You know knishes? The Eastern European street food that's practically synonymous with New York Jewish culture? Well, New York's City Reliquary museum brings us an entire exhibition dedicated to these potato pies. You might remember the Knish Crisis of 2013, when New York lost almost all of its knishes, but knish-tory goes way further back than that. The exhibition, Heroes of the Knish: Making a Living and Making a Life, takes us from New York's early knish vendors up to the present.
Of course, you don't need to be from New York or Jewish to enjoy some potato-y deliciousness. As Laura Silver, the exhibition's curator, tells FWx, "Almost every state has some manifestation of the knish, even today...The hotbed of knish making and eating is in New York, but it radiates outward." Among the strangest knishes that Silver has encountered across the States are the quirky creations of Northern California's King Knish. "There's a guy in California who makes a wasabi knish dipped in dark chocolate. I find that a bit extreme, but it's not a violation of kosher laws, so that's okay. But bacon knish? Nah."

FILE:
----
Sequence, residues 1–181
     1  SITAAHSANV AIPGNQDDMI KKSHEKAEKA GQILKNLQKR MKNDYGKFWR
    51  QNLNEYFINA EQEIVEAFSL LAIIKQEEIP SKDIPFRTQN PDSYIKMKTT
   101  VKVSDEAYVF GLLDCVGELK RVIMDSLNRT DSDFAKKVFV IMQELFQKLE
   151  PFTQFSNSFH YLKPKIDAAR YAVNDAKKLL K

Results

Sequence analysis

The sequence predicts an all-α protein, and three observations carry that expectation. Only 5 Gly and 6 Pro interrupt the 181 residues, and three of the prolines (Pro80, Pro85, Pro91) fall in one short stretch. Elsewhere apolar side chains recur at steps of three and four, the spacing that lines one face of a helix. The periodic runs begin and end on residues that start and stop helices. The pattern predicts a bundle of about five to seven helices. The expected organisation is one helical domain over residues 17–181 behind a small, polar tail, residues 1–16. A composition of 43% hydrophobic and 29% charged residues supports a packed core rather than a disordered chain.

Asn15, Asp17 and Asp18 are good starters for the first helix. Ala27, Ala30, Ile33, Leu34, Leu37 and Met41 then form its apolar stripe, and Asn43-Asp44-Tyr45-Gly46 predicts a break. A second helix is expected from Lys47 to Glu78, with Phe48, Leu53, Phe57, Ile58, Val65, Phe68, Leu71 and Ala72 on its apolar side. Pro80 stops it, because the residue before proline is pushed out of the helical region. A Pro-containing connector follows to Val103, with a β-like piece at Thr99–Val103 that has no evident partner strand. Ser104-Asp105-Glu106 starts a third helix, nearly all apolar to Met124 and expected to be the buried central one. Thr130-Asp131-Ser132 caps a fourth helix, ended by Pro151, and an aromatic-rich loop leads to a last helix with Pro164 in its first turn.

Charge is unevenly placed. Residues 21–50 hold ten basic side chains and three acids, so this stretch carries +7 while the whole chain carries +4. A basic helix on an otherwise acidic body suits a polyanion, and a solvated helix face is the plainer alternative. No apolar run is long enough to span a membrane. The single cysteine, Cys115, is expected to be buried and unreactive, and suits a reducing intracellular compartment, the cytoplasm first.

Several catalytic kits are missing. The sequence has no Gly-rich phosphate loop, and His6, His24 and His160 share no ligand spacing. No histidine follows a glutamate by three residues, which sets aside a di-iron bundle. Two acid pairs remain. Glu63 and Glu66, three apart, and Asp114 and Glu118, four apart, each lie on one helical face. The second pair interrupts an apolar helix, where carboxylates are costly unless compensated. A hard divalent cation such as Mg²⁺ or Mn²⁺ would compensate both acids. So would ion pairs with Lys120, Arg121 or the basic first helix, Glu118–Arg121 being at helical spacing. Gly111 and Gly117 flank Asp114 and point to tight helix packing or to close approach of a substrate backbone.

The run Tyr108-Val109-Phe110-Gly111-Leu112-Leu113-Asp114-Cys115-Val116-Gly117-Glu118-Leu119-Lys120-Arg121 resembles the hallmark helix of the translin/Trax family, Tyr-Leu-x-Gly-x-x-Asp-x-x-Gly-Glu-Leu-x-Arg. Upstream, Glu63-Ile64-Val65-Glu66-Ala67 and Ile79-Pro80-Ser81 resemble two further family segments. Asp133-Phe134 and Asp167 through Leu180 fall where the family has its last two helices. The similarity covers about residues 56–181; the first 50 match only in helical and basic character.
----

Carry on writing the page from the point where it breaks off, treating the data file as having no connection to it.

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Silver first began delving into the history of the knish over a decade ago, when she found out that Brighton Beach staple Mrs. Stahl's Knishes had gone out of business. In the course of her research, she learned that her grandmother was, in fact, from Knyszyn, Poland, which is said to be the birthplace of the knish. "So," Silver jokes, "that makes me a direct descendant of the knish."
Don't sweat it if you can't make it out to New York's City Reliquary. Even if there's no knish vendor near you, you can always make your own. Silver's go-to recipe, included in her book Knish: In Search of the Jewish Soul Food, is Mrs. Stahl's own family recipe.
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